Ours is a world governed by classical physics, in which a film is either playing or paused, a coin lands on either heads or tails, and a cat is either alive or dead. Classical physics is what we experience in our everyday lives. Based on the trajectory and velocity of a ball you’ve thrown, it’s pretty easy to predict with reasonable certainty where the ball will land–depending on your aiming skills, it may not land where you intended it to, of course, but once it’s left your hand, you can deduce where it is headed. There’s zero chance of it landing at your feet, say, if you’ve thrown it with enough force.
However, if you were to shrink down–and I mean really shrink down–you’ll fast discover that the laws that govern the subatomic world are much different from what we experience on a macroscopic scale. Down there, throwing a ball would look very different.
The subatomic world is the domain of quantum physics, where results are governed by probabilities.1 Outcomes that wouldn’t have been likely in the classical context would suddenly be possible. The ball could very well land at your feet no matter how hard you throw it! You and the ball would be subatomic particles, like electrons, and hence governed by the laws of quantum physics.
What makes quantum physics so bizarre and, in a way, counterintuitive, is that there are certain quantum phenomena that have no counterpart in classical physics. Quantum particles can be in a superposition of more than one state, they can be entangled, and there are uncertainties associated with their behaviors. There is nothing that we experience in our classical world that is analogous to any of these properties!
The extraordinary, counterintuitive properties of quantum particles can be harnessed for computing in ways that the digital devices we use every day, or “classical computers”, simply cannot. Quantum computing, we call it.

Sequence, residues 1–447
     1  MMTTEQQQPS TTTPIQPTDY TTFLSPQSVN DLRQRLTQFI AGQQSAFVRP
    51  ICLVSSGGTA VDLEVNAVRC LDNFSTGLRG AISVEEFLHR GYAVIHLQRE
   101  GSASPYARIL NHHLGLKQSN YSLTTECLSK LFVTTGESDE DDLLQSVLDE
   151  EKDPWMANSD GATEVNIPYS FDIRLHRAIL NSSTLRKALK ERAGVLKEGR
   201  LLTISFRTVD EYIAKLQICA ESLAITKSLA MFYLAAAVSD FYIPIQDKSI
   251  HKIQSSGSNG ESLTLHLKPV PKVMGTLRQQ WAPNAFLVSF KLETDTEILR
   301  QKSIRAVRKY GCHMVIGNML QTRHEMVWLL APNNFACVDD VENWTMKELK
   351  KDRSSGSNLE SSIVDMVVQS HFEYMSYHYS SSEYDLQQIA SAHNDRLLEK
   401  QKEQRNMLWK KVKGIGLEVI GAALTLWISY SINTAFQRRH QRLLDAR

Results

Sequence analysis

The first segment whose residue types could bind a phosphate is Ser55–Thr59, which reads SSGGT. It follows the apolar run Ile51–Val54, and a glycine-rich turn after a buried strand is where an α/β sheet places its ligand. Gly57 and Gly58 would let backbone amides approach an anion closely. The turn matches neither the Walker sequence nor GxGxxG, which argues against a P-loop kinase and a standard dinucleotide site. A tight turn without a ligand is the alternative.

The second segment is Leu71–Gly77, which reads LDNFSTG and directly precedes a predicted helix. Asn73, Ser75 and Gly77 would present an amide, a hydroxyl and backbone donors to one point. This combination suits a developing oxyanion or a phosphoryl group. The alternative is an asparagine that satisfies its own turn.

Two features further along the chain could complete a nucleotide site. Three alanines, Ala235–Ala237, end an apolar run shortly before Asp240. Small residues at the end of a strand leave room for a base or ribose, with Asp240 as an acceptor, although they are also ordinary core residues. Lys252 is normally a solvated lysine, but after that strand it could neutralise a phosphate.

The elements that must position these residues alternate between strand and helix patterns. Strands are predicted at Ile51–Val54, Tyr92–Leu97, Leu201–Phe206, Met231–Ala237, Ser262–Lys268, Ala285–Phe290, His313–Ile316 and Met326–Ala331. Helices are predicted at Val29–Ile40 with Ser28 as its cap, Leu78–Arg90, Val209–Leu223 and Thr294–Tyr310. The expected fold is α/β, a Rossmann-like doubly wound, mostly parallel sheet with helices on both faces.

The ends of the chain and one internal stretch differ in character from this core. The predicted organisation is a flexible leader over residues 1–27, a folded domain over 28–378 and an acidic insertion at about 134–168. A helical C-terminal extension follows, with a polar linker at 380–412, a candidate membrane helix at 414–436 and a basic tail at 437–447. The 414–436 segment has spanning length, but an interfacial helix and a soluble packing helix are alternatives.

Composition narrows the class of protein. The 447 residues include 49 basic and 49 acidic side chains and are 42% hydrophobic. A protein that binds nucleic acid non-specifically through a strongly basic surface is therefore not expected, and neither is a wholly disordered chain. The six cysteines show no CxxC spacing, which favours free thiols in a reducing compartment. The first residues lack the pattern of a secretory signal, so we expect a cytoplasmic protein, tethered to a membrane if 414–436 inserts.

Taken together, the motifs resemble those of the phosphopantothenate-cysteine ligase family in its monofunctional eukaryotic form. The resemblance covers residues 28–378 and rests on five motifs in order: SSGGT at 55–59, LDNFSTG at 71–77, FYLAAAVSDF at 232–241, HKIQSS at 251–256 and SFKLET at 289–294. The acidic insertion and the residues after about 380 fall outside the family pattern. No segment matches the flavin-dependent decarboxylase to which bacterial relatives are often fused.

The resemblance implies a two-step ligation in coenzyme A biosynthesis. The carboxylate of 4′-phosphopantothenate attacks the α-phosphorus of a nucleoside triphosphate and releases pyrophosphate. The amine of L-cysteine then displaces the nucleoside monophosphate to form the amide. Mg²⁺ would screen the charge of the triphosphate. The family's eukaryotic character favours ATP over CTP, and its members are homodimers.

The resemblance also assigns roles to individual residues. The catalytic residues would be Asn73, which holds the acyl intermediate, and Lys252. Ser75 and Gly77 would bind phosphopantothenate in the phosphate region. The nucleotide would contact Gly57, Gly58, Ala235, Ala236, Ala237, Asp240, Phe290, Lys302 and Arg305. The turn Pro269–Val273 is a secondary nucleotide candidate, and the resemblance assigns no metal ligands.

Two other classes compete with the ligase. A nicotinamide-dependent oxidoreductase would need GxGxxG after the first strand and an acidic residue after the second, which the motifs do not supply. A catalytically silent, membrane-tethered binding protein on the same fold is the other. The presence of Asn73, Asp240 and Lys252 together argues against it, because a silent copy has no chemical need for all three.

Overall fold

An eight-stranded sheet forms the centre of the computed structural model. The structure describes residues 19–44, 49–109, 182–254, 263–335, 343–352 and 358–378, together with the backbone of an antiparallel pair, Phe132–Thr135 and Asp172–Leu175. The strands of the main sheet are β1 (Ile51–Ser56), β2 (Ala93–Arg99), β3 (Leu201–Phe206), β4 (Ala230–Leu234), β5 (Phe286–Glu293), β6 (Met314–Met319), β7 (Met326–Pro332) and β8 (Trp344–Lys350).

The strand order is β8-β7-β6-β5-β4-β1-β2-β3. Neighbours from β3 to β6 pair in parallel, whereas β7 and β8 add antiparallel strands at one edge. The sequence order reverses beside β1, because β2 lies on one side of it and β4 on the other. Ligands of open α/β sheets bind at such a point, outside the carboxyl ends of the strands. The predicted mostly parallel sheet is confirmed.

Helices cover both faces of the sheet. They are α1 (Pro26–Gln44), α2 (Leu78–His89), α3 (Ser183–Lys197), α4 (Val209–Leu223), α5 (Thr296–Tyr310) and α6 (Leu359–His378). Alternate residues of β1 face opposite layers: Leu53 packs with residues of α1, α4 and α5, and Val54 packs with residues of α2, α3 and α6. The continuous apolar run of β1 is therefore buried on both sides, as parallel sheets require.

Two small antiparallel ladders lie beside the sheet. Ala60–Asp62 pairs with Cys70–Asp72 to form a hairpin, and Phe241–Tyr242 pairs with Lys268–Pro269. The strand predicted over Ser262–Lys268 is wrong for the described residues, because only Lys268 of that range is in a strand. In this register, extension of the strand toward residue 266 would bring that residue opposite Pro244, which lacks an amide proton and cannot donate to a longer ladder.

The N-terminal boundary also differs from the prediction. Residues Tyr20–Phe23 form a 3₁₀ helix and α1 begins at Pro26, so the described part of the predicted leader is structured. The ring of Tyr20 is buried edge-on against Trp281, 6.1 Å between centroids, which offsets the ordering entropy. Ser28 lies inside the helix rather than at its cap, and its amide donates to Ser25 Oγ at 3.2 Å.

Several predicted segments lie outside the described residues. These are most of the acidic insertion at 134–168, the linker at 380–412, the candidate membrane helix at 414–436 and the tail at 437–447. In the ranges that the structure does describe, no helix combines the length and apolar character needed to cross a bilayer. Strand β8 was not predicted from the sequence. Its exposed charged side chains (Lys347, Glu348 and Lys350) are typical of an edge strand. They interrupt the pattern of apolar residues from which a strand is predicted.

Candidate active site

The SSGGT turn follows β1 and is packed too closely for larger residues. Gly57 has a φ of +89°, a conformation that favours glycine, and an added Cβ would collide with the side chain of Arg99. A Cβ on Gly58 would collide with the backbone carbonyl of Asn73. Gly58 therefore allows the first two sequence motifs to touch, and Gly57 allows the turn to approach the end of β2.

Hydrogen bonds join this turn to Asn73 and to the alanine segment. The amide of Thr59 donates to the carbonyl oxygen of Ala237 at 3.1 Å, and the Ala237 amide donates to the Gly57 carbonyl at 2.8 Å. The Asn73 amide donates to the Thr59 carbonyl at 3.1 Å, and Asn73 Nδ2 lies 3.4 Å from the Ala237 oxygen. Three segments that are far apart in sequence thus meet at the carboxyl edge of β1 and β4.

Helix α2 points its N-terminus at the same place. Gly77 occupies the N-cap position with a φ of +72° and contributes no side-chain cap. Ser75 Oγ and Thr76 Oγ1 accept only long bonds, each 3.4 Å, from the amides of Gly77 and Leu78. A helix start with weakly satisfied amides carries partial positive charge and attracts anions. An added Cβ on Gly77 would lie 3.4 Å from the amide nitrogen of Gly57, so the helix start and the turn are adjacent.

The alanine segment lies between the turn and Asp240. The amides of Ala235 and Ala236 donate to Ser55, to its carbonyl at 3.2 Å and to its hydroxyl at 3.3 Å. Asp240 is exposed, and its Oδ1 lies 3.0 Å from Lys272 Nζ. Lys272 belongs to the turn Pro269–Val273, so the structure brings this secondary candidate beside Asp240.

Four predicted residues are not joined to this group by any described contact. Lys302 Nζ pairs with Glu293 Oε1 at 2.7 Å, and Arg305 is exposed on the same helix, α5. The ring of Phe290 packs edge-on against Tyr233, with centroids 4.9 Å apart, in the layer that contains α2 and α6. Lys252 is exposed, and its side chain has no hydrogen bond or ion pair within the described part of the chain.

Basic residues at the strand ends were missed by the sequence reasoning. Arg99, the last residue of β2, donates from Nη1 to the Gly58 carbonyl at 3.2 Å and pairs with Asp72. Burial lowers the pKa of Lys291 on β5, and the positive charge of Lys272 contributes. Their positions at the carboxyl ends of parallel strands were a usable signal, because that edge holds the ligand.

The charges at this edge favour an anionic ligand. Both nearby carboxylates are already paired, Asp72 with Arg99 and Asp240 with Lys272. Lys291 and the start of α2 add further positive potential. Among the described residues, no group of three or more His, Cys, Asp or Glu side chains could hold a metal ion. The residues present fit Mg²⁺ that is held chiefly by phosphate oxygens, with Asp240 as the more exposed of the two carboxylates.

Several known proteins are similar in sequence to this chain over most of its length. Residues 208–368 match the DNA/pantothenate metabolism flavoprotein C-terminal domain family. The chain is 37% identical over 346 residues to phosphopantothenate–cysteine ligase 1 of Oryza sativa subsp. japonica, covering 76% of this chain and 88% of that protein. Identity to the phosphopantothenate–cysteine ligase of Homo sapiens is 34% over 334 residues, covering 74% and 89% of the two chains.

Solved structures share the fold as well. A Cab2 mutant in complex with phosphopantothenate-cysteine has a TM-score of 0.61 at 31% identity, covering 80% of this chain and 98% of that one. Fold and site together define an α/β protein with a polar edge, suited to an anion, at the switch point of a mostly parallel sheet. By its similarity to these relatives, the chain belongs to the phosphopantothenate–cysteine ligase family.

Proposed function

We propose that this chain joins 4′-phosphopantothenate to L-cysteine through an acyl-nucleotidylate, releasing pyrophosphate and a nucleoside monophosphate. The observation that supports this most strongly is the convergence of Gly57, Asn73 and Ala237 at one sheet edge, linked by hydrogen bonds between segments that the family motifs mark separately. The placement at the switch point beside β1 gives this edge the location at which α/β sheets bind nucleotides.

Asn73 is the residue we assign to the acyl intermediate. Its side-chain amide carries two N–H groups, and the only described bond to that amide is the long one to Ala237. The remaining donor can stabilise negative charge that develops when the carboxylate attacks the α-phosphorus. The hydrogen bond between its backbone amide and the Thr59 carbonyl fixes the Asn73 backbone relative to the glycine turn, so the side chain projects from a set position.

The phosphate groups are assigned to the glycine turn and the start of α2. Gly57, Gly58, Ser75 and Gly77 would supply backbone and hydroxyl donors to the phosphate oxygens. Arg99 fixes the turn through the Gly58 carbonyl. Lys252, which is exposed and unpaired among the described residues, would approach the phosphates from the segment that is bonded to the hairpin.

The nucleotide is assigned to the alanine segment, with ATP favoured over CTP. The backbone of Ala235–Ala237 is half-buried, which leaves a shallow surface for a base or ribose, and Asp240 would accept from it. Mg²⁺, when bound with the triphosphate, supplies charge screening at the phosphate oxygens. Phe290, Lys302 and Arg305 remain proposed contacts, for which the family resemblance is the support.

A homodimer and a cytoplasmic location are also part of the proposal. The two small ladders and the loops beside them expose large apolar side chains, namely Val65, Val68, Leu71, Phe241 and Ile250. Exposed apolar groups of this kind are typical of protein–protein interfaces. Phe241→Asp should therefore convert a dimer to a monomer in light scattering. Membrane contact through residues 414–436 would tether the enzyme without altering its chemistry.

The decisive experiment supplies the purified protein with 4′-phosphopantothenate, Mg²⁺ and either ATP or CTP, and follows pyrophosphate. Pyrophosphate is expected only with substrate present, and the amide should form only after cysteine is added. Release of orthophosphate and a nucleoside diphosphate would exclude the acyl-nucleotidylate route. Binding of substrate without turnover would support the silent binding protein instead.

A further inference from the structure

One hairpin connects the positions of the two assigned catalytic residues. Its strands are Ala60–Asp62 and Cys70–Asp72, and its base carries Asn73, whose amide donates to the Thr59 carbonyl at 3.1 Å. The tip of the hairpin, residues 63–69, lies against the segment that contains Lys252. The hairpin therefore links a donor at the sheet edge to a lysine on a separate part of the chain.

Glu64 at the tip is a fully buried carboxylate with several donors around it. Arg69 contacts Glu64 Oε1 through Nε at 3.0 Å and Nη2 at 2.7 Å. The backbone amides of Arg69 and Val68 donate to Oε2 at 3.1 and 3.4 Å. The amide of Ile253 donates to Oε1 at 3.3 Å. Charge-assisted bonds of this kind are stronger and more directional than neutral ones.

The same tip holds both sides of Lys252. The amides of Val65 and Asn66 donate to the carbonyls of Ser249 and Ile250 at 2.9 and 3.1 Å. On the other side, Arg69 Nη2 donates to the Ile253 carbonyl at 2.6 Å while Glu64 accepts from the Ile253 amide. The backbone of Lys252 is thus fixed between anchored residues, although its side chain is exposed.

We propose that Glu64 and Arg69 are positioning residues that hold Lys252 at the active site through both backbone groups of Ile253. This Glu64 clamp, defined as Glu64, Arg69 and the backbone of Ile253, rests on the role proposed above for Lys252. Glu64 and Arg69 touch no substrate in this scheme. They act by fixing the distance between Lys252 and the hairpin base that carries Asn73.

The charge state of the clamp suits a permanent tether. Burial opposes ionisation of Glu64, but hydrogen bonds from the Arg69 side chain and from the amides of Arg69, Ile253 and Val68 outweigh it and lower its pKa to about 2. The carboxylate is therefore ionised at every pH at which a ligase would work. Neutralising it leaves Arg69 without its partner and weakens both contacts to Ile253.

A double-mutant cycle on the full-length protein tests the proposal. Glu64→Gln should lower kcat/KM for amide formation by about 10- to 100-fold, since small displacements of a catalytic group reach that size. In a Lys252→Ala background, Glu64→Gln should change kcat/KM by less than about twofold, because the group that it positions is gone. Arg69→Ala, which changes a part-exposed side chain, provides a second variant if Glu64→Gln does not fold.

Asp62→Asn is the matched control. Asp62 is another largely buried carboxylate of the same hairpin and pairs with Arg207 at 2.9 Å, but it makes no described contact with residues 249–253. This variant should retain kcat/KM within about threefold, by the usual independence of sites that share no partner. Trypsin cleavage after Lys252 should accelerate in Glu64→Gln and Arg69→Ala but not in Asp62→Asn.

Quantum computing differs as a computing system from classical computing because of the way it employs the fundamental laws of nature.
And the difference has enormous potential: it is widely believed that near future quantum computers that work perfectly may be able to solve certain problems that even today’s most powerful supercomputers cannot. Problems like handling monumental amounts of data, simulating complex molecules to discover new drugs, materials, and chemical processes, and prime factorization of very large numbers.
We still are a ways away from reaching this ideal quantum computer that works perfectly and seeing this potential realized; there are a number of hardware obstacles to overcome. But imperfect quantum computers already exist today, some even publicly accessible through the cloud, and researchers and industry professionals alike are working to identify near-term useful applications and evolve the hardware.
At this point, it is important to note that quantum computers won’t replace our classical computers; only complement them by extending the realm of computing possibilities.
We don’t need quantum computers to binge-watch tv shows when we can do so perfectly with our own devices. We need them for things classical computers aren’t very good at!
Illustrated in the stories ahead are various important quantum phenomena and how they are used for quantum computing.
Let’s venture together to Whiskerton, now, shall we?
While quantum physics is prevalent at the subatomic, microscopic level, there are some processes that display quantum effects even at the macroscopic level. But not really things we encounter as we go about our daily lives. ↩